“they will blame the GOP and most likely George Bush”

    Like Marx, they are correctly articulating the problems, but they don’t know that their solution is also part of the problem. In other words, politically, instead of picking a side and say the other side is wrong, I have come to the conclusion that both sides are wrong. Both sides are for big government, which is controlled by the economic elite.

  59. mike from iowa 2016-07-06 10:30

    Sibby- in the final analysis, you are a nut. And now you got a nutty clone to play with.

  60. Steve Sibson 2016-07-06 10:30

    Cory says, “When Sibby starts talking about Masons, I stop listening.”

    Stumcfar says, “they will blame the GOP and most likely George Bush”.

    Now this is for the social conservative so-called Christian Dominionists who supported GW and the liberal atheist who writes this blog and doesn’t listen and likes to blame the GOP:

  61. Bill Dithmer 2016-07-06 10:59


    Please excuse all the screwups, I had my second eye transplant this week and corrective lenses are some months away.

    Joe, it doesn’t really matter which religion a person chooses, they are pretty much the same. They all depend on the building block of religious mind control. They all depend on regurgitated nonvarrifyable many times translated stories slanted over time to reflect the leaders at that times personal beliefs.

    Religion isnt about saving peoples souls, its about putting butts in pews, or knees on mats. This in turn puts more money in the collection plate, and hopefully translates to more power at the poles, in a democracy. Dictators dont have these problems, they dicide.

    The morality written about in the books said to be the foundation of that religion all pretty much say the same things. If you break down the words and phraseology of these books they are all talking about The Golden Rule, or predating that The Silver Rule. Both predate most organized religions. It would seem that the only thing separating the different beliefs is the words they use to describe their interpretation of The Golden Rule.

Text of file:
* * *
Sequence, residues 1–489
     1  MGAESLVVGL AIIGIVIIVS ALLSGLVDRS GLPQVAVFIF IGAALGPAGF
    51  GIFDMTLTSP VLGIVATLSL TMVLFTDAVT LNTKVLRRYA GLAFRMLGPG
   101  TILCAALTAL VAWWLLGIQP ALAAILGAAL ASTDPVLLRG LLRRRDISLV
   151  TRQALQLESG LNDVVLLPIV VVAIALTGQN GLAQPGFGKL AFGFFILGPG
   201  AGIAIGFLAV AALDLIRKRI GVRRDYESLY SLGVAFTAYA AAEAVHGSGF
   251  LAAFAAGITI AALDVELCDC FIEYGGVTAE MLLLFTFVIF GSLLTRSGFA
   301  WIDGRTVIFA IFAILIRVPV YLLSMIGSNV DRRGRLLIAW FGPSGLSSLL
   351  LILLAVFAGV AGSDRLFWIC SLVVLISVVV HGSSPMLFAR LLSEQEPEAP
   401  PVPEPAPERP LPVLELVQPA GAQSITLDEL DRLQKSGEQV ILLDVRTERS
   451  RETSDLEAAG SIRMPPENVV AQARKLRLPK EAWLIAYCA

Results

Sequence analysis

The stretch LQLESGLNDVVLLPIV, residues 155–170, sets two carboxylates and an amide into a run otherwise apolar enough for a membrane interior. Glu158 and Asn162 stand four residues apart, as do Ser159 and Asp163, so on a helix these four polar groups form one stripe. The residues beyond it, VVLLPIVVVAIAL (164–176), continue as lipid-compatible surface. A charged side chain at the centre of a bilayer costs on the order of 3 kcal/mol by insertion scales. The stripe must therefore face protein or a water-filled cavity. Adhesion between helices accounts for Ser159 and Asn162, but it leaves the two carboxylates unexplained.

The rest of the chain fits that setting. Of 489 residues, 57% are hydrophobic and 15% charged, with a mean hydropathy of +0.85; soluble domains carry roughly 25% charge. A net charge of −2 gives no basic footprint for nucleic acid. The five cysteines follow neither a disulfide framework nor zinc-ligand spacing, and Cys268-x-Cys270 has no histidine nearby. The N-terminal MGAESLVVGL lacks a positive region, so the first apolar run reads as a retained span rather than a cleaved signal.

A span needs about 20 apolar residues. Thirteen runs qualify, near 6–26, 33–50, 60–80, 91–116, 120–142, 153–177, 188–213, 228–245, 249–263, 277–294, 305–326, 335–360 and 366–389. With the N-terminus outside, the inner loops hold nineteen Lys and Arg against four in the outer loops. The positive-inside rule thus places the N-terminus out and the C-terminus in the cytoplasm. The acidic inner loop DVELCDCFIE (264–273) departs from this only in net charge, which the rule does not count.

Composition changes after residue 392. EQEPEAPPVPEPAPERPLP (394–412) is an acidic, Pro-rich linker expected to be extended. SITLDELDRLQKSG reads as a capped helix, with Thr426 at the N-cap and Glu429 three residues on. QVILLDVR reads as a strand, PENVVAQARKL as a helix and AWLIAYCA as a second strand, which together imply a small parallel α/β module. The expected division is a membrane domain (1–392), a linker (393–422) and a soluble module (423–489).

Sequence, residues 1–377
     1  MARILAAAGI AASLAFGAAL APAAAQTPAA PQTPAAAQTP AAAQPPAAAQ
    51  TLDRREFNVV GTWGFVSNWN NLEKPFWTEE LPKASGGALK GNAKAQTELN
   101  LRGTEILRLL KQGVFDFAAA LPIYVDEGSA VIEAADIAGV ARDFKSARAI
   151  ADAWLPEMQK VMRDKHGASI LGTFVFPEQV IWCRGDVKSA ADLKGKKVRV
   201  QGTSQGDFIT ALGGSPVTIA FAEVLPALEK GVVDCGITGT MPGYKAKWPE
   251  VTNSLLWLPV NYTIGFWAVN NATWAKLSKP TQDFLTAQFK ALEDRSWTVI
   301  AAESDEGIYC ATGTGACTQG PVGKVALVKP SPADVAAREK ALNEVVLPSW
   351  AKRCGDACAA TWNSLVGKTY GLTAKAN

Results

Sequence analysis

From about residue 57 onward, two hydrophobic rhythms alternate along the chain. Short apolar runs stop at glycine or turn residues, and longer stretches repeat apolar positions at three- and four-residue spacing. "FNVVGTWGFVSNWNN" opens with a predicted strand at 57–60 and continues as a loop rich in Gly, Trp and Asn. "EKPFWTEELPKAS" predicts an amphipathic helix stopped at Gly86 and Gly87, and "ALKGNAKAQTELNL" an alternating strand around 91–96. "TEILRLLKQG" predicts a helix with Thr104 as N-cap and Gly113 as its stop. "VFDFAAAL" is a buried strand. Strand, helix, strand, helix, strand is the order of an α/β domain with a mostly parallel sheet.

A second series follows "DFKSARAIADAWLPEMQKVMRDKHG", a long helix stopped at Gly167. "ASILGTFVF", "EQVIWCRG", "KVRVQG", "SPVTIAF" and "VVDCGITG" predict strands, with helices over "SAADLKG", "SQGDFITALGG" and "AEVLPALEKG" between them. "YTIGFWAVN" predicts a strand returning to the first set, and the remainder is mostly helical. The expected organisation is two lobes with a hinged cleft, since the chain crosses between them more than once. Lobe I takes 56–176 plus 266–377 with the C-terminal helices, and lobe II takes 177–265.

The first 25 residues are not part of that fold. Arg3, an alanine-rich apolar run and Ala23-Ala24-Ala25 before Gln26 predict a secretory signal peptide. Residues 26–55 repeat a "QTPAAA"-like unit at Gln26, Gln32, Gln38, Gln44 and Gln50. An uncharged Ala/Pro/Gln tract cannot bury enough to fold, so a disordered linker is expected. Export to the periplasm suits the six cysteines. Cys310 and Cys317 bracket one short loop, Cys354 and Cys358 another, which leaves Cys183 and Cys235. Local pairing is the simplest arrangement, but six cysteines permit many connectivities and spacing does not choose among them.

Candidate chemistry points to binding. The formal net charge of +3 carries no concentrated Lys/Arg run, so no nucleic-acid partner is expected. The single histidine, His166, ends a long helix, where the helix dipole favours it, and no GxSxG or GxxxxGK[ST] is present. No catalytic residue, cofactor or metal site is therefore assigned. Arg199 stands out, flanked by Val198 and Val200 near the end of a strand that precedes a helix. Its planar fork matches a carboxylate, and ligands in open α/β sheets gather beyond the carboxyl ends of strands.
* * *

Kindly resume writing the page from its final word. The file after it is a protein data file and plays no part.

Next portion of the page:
Just like you Joe, I have my own beliefs. Ive had my run in with Christianity, and while the book is fun to read, thats all it is for me.

    It wasn’t always this way. Early in life we didn’t go to church but church came to us in the form of a traveling preacher. Every week he would show up at one of several ranches in this part of the country and preach.

    I don’t remember much about the man while he was here except for one thing, he never told us how we should live our lives, he just gave us the word and let us figure it out for ourselves if we were right or wrong. He never got in anyone’s face and told them they were going to hell because they weren’t living the way he thought god thought they should live. His name was Reverend Bushnell and he was the last preacher that I ever respected. I knew him for almost my whole life and he never strayed from his path with god.

    From then on our church consisted of working cattle on Sunday mornings in the summer time and watching church on TV in the winter time. My Uncle Cars would say lets go to church when we were getting ready to ride on those Sundays. I guess in a way that’s what we were doing. There is nothing like nature to make you feel close to whoever or whatever is out there.

    Now I would like to talk to you about the reason that I don’t go to church anymore. TV preachers. From the beginning of TV history there have been preachers trying to separate you from your money. There I said it. They all had their little spiels that didn’t really have anything to do with religion but had everything to do with their pocket books. Lets talk about a couple of these that I have know through our TV set.

    Kenneth Copeland, Told amusing stories about the bible and tried to bring it up to todays standards. He’s still around and still asking for money.Self proclaimed Apostle, Prophet, Pastor, Teacher, TV evangelist

    Jerry Falwell, a true pain in the ass until the day he died. He thought everything hinged on the problems that the gay people were causing in his world. Earthquakes, blame the gays, bad storms, blame the gays, economic collapse yup blame the gays. This mans only redeeming quality was his ability to raise money from those that loved him and his bullshit. He built a collage from that money. More on him in a little bit.

    Kathryn Kuhlman, This old girl was actually fun to watch. She knew how to get your attention with the fire she spat from the pulpit. She used to have these two bubbas that stood around until she wanted to heal someone. She would get in front of the sick or crippled and yell and scream and talk to god. Then she would reach out and touch um on the head. They would go down like a sack of rocks only to be caught by the two bubbas before they reach the ground. Then she would have them stand up and walk across the stage. To a person they all said thank you Jesus right along with Kate. Of course then she would ask for money to keep the good times rolling.

    Rex Humbard was another one of the miracle workers on TV. He was the first preacher on our TV that had first class entertainment. The place where he worked the most magic was taking money form people and depositing it in his bank account.